Tuesday, January 20, 2015

Notan Paper Cuttings- RES

Notan is a Japanese word that translates to mean a harmony between light and dark in a visual composition. Think of yin and yang, and how the dark-light balance works as a means to express the beauty and harmony of opposites. Notan is the way that the dark and light patterns in an image form the foundation of the design and composition.

This concept can be extended into any artwork of any media, but works especially well with innately high-contrast materials, such as India ink, black-and-white photography, and construction paper collage.   The dark/light balance of any image can be analyzed, but the more color an image has, the more complicated it can be for young students to see the shades versus the hues.

These paper cuttings focus on the interaction between positive and negative space as well.  Artists began with a simple starting shape, such as a triangle, square, rectangle, etc. made of black construction paper. 

Each time that the artist cut out a shape from the black paper, he or she flipped the image over onto the white paper.  They could then cut another shape from the first one cut, and flip it back into the white negative space.

That repetitive flipping happens here in the diamond and teardrop shapes

 This project is a great way for students to explore visual weight in a composition. Imagine a paper that is all white, with the exception of a small black dot.  Our eye would be drawn to looking at the black dot, and it would be difficult to focus elsewhere, because the dot has a lot of visual weight in the image.  Adding another black dot in a different place would give our eyes a different place to rest, and would lessen the visual weight of the first dot.

 As an artist you can choose where to draw the viewer's eye through your use of visual weight.  Visual weight is not only about light and dark balance, but also about balancing elements that are cool and warm, large and small, or sharp and soft.

This project also forces students to work very carefully- for the image to work, nothing is waste, nothing can be thrown away.  That's a lot of tiny pieces to keep track of.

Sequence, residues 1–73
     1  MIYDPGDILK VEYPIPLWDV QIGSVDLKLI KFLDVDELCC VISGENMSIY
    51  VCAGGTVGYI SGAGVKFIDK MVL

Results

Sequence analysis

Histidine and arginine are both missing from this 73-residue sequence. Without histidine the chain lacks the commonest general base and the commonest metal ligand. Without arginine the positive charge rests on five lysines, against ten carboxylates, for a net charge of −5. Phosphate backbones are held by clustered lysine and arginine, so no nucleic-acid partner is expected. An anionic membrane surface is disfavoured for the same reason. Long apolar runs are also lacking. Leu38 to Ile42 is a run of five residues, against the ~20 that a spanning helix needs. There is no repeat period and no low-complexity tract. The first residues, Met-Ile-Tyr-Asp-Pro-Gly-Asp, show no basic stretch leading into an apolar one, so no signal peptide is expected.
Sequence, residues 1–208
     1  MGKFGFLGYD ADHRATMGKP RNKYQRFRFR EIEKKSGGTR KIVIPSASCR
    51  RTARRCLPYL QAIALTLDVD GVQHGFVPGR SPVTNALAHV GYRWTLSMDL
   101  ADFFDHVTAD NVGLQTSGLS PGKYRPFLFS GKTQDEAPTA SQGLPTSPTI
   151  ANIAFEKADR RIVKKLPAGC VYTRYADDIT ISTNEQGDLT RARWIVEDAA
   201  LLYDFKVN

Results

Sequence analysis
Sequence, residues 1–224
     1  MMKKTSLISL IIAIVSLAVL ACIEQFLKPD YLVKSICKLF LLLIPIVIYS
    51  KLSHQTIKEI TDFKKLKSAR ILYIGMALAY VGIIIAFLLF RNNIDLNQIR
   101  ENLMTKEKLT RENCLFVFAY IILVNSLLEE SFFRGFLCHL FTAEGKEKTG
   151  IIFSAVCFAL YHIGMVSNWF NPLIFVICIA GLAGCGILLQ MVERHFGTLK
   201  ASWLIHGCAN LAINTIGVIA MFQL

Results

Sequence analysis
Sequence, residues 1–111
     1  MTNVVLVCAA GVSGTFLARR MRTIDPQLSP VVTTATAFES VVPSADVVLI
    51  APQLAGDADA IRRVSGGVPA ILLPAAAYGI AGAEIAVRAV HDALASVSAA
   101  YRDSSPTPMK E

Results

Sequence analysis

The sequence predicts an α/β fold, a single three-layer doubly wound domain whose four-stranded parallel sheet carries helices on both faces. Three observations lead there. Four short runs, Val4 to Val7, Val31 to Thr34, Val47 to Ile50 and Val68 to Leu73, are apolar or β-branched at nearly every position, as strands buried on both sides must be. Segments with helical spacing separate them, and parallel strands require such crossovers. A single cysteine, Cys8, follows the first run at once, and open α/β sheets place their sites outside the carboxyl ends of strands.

The content of the image- letters, shapes, designs, images- were completely up to the artist.  The fourth graders loved this, and each design ended up as unique as each artist.

The play of positive and negative becomes very interesting here. In the work above, the little white hearts are all lined up, and almost appear to be looking at their own shadows, making the white the positive shape.  But the black shapes were the ones cut out, leaving the negative white space, so maybe the black hearts are the positive, with inverse white shadows.

In the student work above, I love the references to shapes that look antiquated, like old-fashioned keys and ornately-shaped picture frames. The optical effect becomes almost difficult to look at, in a way that Bridget Riley might make (see image below).  

Fragment 3/11, 1965, Bridget Riley. Image from www.tate.org.uk
To truly understand the idea of notan, consider these three images from my classroom. In this first image, there is full color, so it is hard to see the notan of the image. 

In this second image, I have discarded the color, to make it easier to see where the darks and lights are.

In this third image, I have increased the contrast to 100% so that all you can see are the lights and the darks.  The balance of these is the notan of the image.

I encouraged students to cut a minimum of ten pieces to keep their images challenging, but some, like the work below, went beyond by beginning with a particularly complex shape, sort of a square donut, which meant that work cut from the inner edge had to be flipped inward.

These marvelous artists always take pride in going above and beyond!

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